if (t == null && r instanceof Future<?>) {
            try {
                Future<?> future = (Future<?>) r;

                if (future.isDone()) {
                    future.get();
                }
            } catch (CancellationException ce) {
                t = ce;
            } catch (ExecutionException ee) {
                t = ee.getCause();
            } catch (InterruptedException ie) {
                Thread.currentThread().interrupt(); // ignore/reset
            }
        }

        if (t != null) {
            if (t instanceof Error) {
                try {
                    System.err.println("Error in runnable: " + r);
                    t.printStackTrace(System.err);
                    System.err.println(
                        "This is an unrecoverable error, shutting down...");
                } finally {
                    System.exit(1);
                }
            }

            System.out.println(t);
        }
    }
};

This patch overrides the afterExecute method. A hook designed to allow for custom behavior after the completion of tasks.

Run the project again, and you should see the following:

main: waiting for message...
main: OK
main: waiting for message...
main: OK
BadThread: Start 'borrowing' memory...
main: waiting for message...
main: OK
BadThread: Hold on to OOM: java.lang.OutOfMemoryError: Java heap space
Error in runnable: java.util.concurrent.FutureTask@5cf149bb
java.lang.OutOfMemoryError: Java heap space
    at com.spotify.heroic.ExecutorServicePatch.lambda$main$0(ExecutorServicePatch.java:63)
    at com.spotify.heroic.ExecutorServicePatch$$Lambda$1/495053715.call(Unknown Source)
    at java.util.concurrent.FutureTask.run(FutureTask.java:266)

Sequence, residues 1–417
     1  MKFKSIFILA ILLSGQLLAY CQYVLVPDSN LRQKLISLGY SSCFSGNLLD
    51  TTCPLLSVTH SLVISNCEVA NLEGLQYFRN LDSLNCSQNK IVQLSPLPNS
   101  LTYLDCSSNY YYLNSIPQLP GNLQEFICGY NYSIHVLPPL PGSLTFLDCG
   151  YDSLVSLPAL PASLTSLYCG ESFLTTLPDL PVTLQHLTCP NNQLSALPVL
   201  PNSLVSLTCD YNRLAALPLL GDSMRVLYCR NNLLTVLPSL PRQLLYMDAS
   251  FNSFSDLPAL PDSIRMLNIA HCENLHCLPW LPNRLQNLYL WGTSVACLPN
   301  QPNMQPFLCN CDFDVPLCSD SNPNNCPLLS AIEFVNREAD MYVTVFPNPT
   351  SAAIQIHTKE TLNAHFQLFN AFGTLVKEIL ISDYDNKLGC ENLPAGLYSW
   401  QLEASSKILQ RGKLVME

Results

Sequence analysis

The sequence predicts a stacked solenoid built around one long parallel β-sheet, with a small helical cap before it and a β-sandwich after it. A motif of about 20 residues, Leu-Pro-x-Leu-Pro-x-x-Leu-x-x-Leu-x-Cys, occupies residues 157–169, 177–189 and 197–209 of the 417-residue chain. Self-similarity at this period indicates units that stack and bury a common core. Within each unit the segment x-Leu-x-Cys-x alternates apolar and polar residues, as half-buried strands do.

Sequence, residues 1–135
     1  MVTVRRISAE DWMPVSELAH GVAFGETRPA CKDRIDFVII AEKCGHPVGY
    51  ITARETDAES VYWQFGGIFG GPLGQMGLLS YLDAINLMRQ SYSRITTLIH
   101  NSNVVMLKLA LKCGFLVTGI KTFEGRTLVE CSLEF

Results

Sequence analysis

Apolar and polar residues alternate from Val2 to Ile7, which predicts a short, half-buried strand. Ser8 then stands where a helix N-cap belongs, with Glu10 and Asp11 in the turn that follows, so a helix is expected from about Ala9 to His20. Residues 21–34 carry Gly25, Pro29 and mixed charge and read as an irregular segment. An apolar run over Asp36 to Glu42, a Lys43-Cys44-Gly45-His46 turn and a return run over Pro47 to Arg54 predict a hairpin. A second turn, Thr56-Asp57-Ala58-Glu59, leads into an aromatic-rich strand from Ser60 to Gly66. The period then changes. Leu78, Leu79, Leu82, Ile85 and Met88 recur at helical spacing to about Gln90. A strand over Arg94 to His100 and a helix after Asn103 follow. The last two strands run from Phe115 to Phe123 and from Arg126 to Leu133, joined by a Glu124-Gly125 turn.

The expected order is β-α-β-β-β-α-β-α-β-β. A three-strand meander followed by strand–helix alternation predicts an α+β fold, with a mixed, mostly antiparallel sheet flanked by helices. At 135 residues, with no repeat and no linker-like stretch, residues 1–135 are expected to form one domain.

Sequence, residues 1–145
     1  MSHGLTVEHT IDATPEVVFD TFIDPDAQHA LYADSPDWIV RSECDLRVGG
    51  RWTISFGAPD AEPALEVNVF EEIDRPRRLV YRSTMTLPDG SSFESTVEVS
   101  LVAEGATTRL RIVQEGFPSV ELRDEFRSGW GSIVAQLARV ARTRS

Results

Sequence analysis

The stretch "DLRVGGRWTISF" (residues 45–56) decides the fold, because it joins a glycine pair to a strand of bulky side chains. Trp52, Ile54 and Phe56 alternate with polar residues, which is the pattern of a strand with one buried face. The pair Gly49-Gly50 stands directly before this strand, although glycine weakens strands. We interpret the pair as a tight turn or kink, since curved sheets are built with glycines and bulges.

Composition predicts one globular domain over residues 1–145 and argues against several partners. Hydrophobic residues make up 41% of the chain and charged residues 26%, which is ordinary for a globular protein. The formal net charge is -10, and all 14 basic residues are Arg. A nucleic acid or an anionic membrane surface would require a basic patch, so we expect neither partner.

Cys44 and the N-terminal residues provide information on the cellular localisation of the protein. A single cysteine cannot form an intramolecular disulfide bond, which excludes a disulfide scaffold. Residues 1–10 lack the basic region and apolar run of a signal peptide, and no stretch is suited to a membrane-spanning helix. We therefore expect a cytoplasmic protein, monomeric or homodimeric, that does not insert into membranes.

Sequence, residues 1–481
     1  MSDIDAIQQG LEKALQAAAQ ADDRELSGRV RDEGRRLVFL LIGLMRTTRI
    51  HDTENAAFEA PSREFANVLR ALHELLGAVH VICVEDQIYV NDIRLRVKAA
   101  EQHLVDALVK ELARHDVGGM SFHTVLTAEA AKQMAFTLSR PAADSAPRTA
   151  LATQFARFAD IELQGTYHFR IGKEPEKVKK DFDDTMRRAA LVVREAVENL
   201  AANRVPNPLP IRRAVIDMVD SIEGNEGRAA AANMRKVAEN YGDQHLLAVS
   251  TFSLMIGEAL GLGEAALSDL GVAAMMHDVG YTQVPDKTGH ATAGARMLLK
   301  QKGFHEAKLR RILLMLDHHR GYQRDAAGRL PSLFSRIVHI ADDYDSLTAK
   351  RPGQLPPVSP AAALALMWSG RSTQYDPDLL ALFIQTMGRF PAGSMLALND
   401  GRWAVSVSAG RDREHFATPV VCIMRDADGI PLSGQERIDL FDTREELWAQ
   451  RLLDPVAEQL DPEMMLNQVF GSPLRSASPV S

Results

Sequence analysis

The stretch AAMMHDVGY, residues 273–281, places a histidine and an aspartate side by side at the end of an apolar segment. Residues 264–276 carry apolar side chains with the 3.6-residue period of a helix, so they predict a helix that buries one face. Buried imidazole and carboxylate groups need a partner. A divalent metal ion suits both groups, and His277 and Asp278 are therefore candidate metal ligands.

at java.util.concurrent.ThreadPoolExecutor.runWorker(ThreadPoolExecutor.java:1142)
    at java.util.concurrent.ThreadPoolExecutor$Worker.run(ThreadPoolExecutor.java:617)
    at java.lang.Thread.run(Thread.java:745)
This is an unrecoverable error, shutting down...

Process finished with exit code 1

Errors

I want to emphasise that OutOfMemoryError is generally not an error that you can safely recover from. There are no guarantees that the thread responsible for eating up your memory is the target for this error. Even if that is the case, this thread might become important at a later stage in its life. In my opinion, the most reasonable thing to do is to give up.

An Error is a subclass of Throwable that indicates serious problems that a reasonable application should not try to catch. Most such errors are abnormal conditions.

At this stage you might be tempted to attempt a clean shutdown of your application on errors. This might work. But we might also be in a state where a thread critical towards the clean shutdown of your application is no longer alive. There might not be any memory left to support a complex shutdown. Attempting it could lead to your cleanup attempt crashing leading us back to where we started.

If you want to cover manually created threads, you can make use of Thread#setDefaultUncaughtExceptionHandler. Just remember, this still does not cover thread pools.

On a final note, if you are a library developer: Please don’t hide your thread pools from us.